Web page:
"We have a record of every address which has signed up and the crews will have access to this in the collection vehicle. Where bins go missing a new permit will be provided free of charge and identified as a replacement permit."
Will grey bins with garden waste in not be collected?
"Grey bins identified as having garden waste will not be emptied. For the next two years we are also running a campaign “Right Stuff, Right Bin” to encourage residents to recycle correctly and reduce the amount of waste in the grey bin that could be recycled. Later this year residents will be issued with a notice instructing them how to use their bins correctly and that waste that can be recycled or composted cannot be put in the grey bin."
Do you estimate the new system will slow the refuse collectors down? Have new route times been modelled? Are the refuse collectors being paid any more or given more time for this extra responsibility?
"No, crews already check the contents of bins to ensure they are not contaminated, the paid for garden service will not slow down the collection crews as green bins with garden waste and no permit will not be emptied. Collection rounds remain the same and have not changed so crews will remain familiar with the collection round. As crews will continue to collect green bins on a weekly basis, there are no changes to the frequency of the service or level of responsibility."
The Mid-term Financial Strategy report estimates the scheme will generate 900k after costs. Will all of this money go straight back to Trafford Council or will it be split with Amey?
"All monies raised after costs from the introduction of the paid for garden service go to Trafford Council. Amey does not share any of the monies raised by the paid for garden collection service."
The report forecasts a reasonably high income from the scheme which then dips the next year and then goes back up again the year after - can you explain the reason for the projected dip?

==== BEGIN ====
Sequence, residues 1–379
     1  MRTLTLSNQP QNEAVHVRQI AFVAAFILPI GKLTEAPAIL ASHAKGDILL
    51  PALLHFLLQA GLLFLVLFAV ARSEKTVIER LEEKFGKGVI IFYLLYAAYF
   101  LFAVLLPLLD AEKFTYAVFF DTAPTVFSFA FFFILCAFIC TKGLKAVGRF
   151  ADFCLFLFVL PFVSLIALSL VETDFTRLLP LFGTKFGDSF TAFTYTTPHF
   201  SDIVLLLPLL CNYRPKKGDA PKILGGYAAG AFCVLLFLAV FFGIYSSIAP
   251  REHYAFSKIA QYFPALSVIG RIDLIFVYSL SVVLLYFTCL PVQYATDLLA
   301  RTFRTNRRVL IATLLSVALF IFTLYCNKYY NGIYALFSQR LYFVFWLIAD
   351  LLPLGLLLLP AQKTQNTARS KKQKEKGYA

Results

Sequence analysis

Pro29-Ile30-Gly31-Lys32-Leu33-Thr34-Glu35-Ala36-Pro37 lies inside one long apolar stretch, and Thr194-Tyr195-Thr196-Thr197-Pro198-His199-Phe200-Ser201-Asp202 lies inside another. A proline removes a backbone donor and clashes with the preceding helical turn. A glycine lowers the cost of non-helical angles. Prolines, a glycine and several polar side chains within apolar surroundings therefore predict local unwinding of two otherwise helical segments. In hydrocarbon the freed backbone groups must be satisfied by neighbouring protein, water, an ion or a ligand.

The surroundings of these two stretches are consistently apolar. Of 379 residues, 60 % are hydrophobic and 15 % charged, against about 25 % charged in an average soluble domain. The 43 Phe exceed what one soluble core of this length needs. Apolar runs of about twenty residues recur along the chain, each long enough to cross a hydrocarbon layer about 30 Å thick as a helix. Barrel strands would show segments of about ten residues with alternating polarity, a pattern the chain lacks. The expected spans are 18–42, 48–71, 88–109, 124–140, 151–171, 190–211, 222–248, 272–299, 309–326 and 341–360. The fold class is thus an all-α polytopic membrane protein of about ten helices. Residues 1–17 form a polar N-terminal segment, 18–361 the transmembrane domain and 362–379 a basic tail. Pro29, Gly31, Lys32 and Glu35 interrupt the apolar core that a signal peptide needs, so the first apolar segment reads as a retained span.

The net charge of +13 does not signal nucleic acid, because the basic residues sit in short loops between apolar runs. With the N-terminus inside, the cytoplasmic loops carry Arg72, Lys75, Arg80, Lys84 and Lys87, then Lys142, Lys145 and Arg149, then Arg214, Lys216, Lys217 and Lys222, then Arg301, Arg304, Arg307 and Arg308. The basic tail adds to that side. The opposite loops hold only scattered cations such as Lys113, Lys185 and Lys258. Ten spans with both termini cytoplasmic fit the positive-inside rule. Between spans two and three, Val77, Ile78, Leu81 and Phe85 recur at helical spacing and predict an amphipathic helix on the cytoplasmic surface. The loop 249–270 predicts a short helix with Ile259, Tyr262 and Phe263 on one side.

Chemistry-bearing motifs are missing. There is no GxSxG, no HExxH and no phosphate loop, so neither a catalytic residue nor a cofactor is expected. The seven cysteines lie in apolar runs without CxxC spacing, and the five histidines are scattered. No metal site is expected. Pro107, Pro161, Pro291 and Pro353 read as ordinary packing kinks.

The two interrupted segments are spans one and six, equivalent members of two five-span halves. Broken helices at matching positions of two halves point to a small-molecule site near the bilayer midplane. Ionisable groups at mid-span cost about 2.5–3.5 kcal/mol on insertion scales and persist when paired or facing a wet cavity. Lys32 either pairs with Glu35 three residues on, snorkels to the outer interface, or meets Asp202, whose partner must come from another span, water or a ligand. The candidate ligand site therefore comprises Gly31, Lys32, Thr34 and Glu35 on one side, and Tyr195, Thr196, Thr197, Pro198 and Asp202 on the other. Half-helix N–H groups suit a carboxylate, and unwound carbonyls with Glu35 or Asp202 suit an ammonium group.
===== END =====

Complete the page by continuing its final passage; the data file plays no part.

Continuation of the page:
"Some of the savings generated from the scheme will be used to promote recycling of food waste and other household items, and to provide residents with caddies who would rather not continue to use a green bin. The expenditure profile on campaigns and infrastructure is causing the fluctuation in savings. The level of income projected increases slightly each year over a three year period due to the level of subscribers projected. No increases in the actual charge have been modelled in the three year projections."
Finally I know our readers are worried that the money paid for garden waste is going to Amey rather than the council. Can you reassure them that monies are passed straight to Trafford Council and is not collected by Amey and no financial details are passed on to Amey?
"All monies collected upon sign up online at www.Trafford.gov.uk/gardenwast... are received directly by Trafford Council. No financial information is passed to Amey. All monies collected by phone at 03330 035865 are collected by Amey and then transferred to Trafford Council. Amey does not share any of the monies raised by the paid for garden collection service. When a resident signs up by phone, payment is taken on a secure line meaning that financial details cannot be recorded. However, as the resident is paying Amey directly, Amey will hold their financial details securely.